His eyes are still brown and bashful. His hair is long enough to curl at the ends, soft brown waves ringleted by the rain, contrasting with the new sharpness in his cheeks. A stipple of scruff further accentuates the angles. No more worn-out Chucks and rumpled band shirt. No more baby face. He looks steady. And well aware of how good a drenched navy blue tee looks clinging to his skin.
“A promise is a promise,” he whispers, soaking wet and breathless, dripping puddles onto the carpeted hallway of my apartment complex.
My hands lose feeling. My mind insists on running a high- light reel of memories for me, making sure I haven’t forgotten
that this is a person I’ve slept with, and dreamt of, and written intensely embarrassing Notes app poetry about that I’ve already asked my cohost, Javi, to read on our podcast in the event of my untimely demise. Just so Ben would really feel my absence.
Now I feel his presence, and my first instinct is to close the door, lock myself in my bathroom, and stare at myself in the mirror until the pores on my nose upset me for a week straight. But as impulsive as I can be, I am occasionally great at silencing my first instinct and waiting for a better one to emerge.
It turns out in the event of my high school best friend arriving unannounced in the middle of a thunderstorm—after an entire decade of complete silence between us—my second instinct is to intimidate. I fold my arms across my chest, mostly because I am furious at myself for daring to answer while not wearing a bra. Lucky for me, the gesture lends to the steely mood I’m hoping to strike.
“What does that mean? What are you doing here?” My foot taps against the floor as if my time could be better spent looking anywhere but at Ben Porter’s face.
If he’s expected a kinder greeting from me, he doesn’t show it. Instead he smiles. A heartbreaking, earth-shifting, choir-of- angels-singing kind of smile.
“Hi, Dee.” He pauses. “It’s good to see you too.”
At once I’m flooded with the same bone-deep nostalgic longing that makes me open YouTube at three in the morning and watch all the videos we posted together back in the day. I’ve made all of them private so my listeners don’t stumble across them and uncover the one thing I refuse to directly discuss on my show. The first time Ben was ever mentioned while recording, I made Javi bleep out his name in post. Now Ben is known on the
podcast as Name Redacted, an infamous, mysterious side character in my otherwise very open-book life.
One of our YouTube videos is ten minutes of us walking around our hometown. We spend the first half coming up with an elaborate undercover identity for our science teacher, Mr. Davis, all while navigating the aftermath of the previous night’s snowfall. The video takes a turn when Ben steps into a snow pile that’s not sturdily packed, and he ends up chest deep. Instantly, the two of us are nearly heaving we’re laughing so hard. I can’t grab onto him tight enough to pull him out because my arms are getting a tickle sensation. It’s so cold his cheeks are flushed berry red. I set the camera down on another snow pile, and for the rest of the video, all you can see is his face and my back. And the way he’s looking at me. It’s like I created the universe with my own bare hands.
Here’s that very same Ben Porter. And the way he’s looking at me right now—it’s really not that different from the old clip of us. Even though everything is different. Down to the shade of red in my hair and the city we’re in and surely every single thing about our lives.
“Can I come in?” he asks, because I have been standing here waiting for the sky to fall through the roof. “I can explain every- thing once I’m inside.”
“I don’t know if I want you to,” I accidentally admit.
Ben backs up until he’s against the wall across from my door, a trail of rainwater marking his path. He slides down until he’s sitting, all the while never breaking eye contact. “I understand. This is a lot.”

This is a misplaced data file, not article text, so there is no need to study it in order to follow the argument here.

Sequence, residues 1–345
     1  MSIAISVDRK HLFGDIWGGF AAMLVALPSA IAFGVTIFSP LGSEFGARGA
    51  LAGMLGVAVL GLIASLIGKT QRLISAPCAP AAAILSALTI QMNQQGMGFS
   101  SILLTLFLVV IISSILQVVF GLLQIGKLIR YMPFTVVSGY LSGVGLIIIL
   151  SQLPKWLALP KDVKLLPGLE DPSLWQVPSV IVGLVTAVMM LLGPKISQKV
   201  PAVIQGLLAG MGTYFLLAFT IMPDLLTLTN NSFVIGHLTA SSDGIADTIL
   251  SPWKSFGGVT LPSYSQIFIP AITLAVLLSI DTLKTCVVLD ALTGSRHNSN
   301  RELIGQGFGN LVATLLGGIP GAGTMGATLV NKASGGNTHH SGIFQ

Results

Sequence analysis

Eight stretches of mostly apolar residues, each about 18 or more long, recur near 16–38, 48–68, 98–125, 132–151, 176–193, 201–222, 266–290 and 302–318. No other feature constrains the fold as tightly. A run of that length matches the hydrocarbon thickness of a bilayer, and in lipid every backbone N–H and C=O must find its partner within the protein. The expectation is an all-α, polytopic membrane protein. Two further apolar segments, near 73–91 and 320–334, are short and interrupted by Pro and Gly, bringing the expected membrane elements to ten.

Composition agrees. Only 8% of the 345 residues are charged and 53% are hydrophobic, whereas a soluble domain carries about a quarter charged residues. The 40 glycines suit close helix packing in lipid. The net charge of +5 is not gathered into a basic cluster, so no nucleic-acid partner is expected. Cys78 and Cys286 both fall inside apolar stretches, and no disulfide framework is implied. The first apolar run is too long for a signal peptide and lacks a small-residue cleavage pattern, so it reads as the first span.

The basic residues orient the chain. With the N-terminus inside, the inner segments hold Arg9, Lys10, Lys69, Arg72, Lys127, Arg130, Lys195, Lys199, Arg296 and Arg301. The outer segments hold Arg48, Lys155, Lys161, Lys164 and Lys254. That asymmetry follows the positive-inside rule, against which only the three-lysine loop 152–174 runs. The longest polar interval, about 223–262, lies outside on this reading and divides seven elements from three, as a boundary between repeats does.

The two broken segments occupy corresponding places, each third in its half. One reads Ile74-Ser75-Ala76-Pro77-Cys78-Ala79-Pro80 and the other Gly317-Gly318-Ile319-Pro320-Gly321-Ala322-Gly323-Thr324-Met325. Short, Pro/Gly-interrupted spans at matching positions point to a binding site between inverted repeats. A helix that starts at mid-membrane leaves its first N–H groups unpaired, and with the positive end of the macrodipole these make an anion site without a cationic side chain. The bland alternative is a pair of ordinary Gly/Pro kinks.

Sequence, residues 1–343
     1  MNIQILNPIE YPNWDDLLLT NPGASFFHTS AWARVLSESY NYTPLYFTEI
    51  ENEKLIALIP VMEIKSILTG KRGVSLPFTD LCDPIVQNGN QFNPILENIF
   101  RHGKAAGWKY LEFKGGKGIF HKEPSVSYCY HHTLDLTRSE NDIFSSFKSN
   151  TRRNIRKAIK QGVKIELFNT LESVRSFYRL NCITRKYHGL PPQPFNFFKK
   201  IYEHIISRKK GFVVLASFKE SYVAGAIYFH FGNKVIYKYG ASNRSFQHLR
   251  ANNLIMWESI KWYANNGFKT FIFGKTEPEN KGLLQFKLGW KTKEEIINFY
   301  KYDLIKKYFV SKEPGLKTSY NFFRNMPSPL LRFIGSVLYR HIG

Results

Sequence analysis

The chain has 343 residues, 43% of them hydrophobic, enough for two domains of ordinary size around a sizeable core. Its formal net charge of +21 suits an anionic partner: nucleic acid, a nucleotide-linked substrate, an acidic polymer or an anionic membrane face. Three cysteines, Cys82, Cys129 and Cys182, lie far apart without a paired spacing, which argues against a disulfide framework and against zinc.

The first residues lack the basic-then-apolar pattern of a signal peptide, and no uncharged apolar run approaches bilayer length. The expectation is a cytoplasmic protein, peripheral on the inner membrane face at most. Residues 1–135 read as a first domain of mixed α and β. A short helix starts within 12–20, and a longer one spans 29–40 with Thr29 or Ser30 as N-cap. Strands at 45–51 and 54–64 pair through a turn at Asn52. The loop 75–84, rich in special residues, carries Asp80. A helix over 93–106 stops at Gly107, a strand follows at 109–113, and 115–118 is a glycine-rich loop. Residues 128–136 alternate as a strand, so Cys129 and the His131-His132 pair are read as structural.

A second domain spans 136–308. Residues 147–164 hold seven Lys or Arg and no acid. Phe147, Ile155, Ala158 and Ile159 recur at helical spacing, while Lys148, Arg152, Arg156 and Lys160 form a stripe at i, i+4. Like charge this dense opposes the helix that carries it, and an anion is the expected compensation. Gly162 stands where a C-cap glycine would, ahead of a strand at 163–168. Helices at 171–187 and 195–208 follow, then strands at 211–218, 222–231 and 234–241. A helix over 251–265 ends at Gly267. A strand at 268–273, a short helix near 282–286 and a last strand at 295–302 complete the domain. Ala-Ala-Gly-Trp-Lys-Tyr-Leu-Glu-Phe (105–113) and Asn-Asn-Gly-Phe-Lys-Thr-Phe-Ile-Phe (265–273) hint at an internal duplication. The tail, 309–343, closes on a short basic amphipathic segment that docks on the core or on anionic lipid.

“Yeah,” I say weakly. Leave it to Ben to understate a thing. “I’ll wait here. And if you still feel the same way after an
hour, I’ll leave.”
All those well-practiced talking points I’ve assured myself I’d launch into immediately if I ever saw him again? I can’t re-member a single one. In this moment, I truly cannot recall why we haven’t spoken or why it is that I’m not supposed to be nice to him. It’s a marvel I even know my own name.
Second instincts be damned. I slam my door shut.
Excerpted from A THOUSAND MILES by Bridget Morrissey, published by Berkley, an imprint of Penguin Publishing Group, a division of Penguin Random House, LLC. Copyright © 2022
Excerpt. © Reprinted by permission. All rights reserved.
After a decade of silence, Dee and Ben reunite for a road trip they once promised to take. It’s going to be a bumpy ride.
Dee Matthews is the cohost of the smash-hit podcast Did I Forget To Tell You?, where she interviews family, friends, and past lovers. Nothing is off limits, except for one man (known on the show only as Name Redacted) who happens to be her high school best friend Ben. During their senior year spring break, Dee and Ben took a road trip to visit Ben’s grandma. They buried a time capsule in her backyard, pledging to return in ten years to open it. Then their friendship fell apart in spectacular fashion. They haven’t spoken to each other since.
Ben Porter’s life since that moment has been unexciting but comfortable, until his grandma reveals a family secret that flips his whole world upside down. Her dying wish is for him to stop doing what is safest and go after what he really wants. He starts by showing up on Dee’s doorstep with every intention of fulfilling their long-ago promise. Despite her reservations, Dee can’t say no. This trip could be her chance to give her listeners the Name Redacted interview they’ve been begging for—and finally put her unresolved feelings for Ben to rest.
As the miles fly by, Dee and Ben’s friendship reignites. But the closer they get to reaching their destination, the more apparent it becomes that their attraction to each other cannot be ignored. Their last adventure ended in disaster, and they’re about to find out if any hope of a future together is in the rear view mirror.
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Meet the Author:
Bridget Morrissey lives in Los Angeles, California, but hails from Oak Forest, Illinois. When she’s not writing, she can be found coaching gymnastics or headlining concerts in her living room. Her upcoming adult novel, A THOUSAND MILES, releases on June 21, 2022